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Guest Movie Review: Warm Bodies

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In 2011, Hollywood’s most acclaimed new actors were newcomers Jessica Chastain and Michael Fassbender. In 2012, it was Chastain and Joseph Gordon-Levitt who wowed audiences seemingly without end. This year, the likely pairing of actress and actor to take viewers by storm ought to be Chastain (what can I say? She’s got staying power) and Nicholas Hoult. That’s right, Planet Earth: the little kid from 2002’s About a Boy is finally breaking out as an adult after almost a decade of playing secondary roles and child characters. His first starring role this year is in Warm Bodies, directed by Jonathan Levine and based on the teen novel by Isaac Marion.

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A cross between Zombieland and a romantic comedy, Warm Bodies takes place in the near future where a zombie apocalypse has wiped out most of the human population and propped up shambling corpses in their place. One of the undead is different from the others however: he remembers a little of his past – at least, he thinks his first name begins with R. Played by Hoult, R attempts to hang onto his thin shred of humanity by collecting records and other knickknacks, storing them in his private home aboard a grounded airplane. Resigned to his undead existence, he shambles between moments, occasionally taking the time to chew on the brains of the still-living. That changes one day when he meets Julie (Teresa Palmer), a lovely young woman scavenging for supplies. After eating her boyfriend, R falls in love with Julie, and soon the pair discovers that his feelings for her are starting to change him back into a human. The rest of the story follows their unusual love story as both zombies and humans struggle to reconcile the budding romance between R and Julie that goes against everything they’ve understood for as long as many of them can remember.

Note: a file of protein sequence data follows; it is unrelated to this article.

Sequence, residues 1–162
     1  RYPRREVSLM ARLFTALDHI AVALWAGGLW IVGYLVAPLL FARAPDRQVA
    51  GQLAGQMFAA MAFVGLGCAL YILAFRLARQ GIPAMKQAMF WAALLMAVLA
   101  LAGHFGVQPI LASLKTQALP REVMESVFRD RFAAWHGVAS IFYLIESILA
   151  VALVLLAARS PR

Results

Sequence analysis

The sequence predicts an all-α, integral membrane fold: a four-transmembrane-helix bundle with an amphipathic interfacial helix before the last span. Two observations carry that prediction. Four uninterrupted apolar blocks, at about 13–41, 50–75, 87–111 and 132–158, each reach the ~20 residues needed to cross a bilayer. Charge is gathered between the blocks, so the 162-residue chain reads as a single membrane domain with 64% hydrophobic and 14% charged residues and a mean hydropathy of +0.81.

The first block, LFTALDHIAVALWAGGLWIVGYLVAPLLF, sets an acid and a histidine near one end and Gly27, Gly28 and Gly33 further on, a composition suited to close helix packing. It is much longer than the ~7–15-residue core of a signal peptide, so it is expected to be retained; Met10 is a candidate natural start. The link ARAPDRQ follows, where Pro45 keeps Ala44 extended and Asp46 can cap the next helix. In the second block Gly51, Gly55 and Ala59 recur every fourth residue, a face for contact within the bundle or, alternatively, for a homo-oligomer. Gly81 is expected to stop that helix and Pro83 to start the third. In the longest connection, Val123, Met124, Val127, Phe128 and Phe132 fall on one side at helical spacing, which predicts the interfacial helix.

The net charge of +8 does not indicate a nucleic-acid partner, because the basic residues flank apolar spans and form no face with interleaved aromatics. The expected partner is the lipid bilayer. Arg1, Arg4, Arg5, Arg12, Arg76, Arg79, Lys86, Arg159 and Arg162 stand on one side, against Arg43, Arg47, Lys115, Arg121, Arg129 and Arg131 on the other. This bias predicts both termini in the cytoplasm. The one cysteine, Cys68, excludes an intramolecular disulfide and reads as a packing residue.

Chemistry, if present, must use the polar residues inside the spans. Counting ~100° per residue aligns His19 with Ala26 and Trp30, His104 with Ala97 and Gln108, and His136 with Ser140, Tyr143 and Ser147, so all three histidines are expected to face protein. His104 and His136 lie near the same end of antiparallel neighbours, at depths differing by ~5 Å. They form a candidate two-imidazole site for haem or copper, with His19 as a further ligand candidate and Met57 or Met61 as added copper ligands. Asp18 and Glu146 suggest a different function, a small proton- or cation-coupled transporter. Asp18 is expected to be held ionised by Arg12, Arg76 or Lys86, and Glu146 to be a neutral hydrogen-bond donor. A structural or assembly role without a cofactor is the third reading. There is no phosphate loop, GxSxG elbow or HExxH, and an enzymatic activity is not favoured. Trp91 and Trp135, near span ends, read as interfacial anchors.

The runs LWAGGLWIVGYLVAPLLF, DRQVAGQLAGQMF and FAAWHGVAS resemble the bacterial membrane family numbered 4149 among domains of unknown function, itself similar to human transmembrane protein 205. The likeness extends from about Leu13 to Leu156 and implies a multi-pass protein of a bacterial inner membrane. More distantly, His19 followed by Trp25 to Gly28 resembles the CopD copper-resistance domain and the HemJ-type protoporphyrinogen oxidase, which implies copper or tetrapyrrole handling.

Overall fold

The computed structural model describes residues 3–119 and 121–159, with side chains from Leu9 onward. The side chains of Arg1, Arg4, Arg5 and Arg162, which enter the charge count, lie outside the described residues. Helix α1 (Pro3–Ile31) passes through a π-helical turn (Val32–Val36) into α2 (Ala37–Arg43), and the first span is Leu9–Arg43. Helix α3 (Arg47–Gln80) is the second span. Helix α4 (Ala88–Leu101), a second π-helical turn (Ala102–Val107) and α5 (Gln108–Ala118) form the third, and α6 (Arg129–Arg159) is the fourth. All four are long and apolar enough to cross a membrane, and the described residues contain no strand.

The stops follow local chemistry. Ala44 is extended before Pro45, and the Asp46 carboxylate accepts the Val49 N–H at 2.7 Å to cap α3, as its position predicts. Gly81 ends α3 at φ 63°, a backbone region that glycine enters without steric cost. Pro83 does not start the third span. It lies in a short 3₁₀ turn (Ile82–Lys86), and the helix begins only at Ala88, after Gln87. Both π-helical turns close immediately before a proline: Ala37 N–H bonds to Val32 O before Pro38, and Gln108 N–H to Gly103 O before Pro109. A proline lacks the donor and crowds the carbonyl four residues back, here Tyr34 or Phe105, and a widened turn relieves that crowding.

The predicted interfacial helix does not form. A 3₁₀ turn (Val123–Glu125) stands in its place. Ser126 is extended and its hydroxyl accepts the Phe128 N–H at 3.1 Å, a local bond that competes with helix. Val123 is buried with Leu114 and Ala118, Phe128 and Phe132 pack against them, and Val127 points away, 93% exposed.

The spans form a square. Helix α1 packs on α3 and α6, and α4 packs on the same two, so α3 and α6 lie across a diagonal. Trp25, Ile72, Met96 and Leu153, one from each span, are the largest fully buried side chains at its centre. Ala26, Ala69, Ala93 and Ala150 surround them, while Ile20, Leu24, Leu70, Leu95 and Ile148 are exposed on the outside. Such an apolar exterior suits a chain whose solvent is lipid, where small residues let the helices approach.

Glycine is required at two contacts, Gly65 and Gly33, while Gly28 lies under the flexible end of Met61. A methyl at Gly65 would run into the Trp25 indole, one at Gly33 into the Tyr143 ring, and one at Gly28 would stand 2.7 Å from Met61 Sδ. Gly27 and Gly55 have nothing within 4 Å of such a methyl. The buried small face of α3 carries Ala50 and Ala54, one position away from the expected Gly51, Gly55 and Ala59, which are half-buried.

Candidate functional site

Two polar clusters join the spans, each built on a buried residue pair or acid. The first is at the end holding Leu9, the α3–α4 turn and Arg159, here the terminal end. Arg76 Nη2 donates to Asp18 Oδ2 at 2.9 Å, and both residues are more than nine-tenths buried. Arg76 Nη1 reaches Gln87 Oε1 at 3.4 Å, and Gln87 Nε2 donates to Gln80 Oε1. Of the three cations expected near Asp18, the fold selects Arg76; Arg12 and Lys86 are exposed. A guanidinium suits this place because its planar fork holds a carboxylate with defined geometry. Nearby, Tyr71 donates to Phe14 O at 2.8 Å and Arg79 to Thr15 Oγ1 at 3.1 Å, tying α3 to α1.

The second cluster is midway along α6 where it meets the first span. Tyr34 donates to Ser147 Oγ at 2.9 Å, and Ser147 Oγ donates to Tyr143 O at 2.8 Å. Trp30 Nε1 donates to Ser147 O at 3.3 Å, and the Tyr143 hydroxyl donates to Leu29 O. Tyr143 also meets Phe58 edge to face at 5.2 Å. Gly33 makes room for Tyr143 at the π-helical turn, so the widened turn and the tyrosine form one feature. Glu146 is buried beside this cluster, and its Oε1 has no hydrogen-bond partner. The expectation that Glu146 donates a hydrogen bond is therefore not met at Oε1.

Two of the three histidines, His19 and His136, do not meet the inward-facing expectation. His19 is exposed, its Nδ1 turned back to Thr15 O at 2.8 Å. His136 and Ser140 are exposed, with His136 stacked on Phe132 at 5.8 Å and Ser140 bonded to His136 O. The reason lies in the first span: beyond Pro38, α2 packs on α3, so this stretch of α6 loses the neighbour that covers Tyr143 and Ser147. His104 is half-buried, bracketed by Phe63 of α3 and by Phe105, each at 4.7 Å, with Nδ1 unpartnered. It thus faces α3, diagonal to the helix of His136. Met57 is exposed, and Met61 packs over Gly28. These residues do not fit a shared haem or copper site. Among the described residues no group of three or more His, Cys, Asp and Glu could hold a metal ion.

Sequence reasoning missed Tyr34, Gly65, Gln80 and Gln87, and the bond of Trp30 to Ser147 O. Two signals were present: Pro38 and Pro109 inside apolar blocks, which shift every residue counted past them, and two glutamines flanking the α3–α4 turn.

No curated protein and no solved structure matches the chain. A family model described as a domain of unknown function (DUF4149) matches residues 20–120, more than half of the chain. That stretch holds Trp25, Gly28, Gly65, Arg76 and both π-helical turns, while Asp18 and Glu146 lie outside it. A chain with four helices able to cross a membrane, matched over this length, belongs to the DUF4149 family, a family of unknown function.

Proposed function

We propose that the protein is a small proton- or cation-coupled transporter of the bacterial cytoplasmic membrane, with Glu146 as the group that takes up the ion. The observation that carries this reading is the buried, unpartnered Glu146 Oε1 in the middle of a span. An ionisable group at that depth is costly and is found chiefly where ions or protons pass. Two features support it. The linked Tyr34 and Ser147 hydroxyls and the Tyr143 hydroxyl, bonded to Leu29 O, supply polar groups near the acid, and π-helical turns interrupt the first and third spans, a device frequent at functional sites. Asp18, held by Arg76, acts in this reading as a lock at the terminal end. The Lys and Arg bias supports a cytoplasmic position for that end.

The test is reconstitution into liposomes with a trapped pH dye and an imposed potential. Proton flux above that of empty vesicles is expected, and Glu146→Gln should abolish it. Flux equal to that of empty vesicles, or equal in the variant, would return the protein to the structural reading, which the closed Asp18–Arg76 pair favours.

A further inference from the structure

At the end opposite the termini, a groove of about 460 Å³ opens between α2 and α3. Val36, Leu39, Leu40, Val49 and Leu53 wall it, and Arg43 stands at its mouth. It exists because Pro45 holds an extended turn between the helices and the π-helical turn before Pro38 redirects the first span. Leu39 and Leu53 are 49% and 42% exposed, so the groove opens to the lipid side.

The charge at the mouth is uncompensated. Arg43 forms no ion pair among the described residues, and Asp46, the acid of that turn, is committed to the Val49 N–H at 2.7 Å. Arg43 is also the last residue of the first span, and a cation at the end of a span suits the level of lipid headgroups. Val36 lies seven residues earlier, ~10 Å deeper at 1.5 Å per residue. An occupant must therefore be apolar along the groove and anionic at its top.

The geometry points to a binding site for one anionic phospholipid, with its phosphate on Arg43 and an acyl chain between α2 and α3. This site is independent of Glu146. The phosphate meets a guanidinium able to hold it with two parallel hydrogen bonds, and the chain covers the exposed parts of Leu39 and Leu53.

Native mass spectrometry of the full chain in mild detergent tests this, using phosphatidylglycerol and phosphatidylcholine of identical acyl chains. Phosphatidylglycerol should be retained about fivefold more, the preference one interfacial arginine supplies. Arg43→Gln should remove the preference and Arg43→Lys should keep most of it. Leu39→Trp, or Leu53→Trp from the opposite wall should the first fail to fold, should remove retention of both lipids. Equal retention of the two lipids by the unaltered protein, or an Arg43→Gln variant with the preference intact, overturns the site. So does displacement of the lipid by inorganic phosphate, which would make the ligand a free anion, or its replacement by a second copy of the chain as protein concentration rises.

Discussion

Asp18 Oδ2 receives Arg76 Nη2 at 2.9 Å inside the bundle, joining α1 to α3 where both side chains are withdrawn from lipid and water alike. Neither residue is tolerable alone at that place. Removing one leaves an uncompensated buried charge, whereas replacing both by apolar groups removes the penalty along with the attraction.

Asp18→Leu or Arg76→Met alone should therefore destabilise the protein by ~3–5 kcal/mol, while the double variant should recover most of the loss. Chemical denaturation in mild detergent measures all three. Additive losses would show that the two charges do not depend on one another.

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Naturally, as a movie watcher you’ll have to let go of a lot of your preconceptions of zombie flicks if you’re going to enjoy Warm Bodies. You’ll have to accept the idea that the undead are not merely unthinking monsters but thoughtful creatures ruled instead by ferocious instinct. You’ll have to accept that they can grunt the occasional word when necessary, can operate simple doors and even complex machinery when called upon, and of course that they can be cured by feelings of love. And that a BMW can not only run after eight years of inactivity, but purr like a kitten.

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But while Levine presents you with a scenario that diverges greatly from the likes of Night of the Living Dead, the director does an excellent job of establishing his universe and keeping the unique concept fresh. One of the reasons it works so well is that he allows Hoult to carry the tale. Relying on voice-over narration can be a death knell, especially when the characters cannot communicate to the audience without it. But in giving inner voice to his plight, Hoult immediately makes us both understand and like R. It doesn’t hurt that he gets great dialogue from Levine, who also penned the screenplay, as many of his lines would be automatically hilarious no matter the voice. But Hoult is simply great, from his zombie shuffling and physical acting to the way he follows Julie like a puppy dog from scene to scene. Especially impressive is the fact that he’s subtly changing his performance the longer the story goes, gradually becoming more articulate and physically adept. The voice-over work is also fun in that it’s the perfect example of a boy thinking about trying to say the right thing while spewing out barely-intelligible sentences.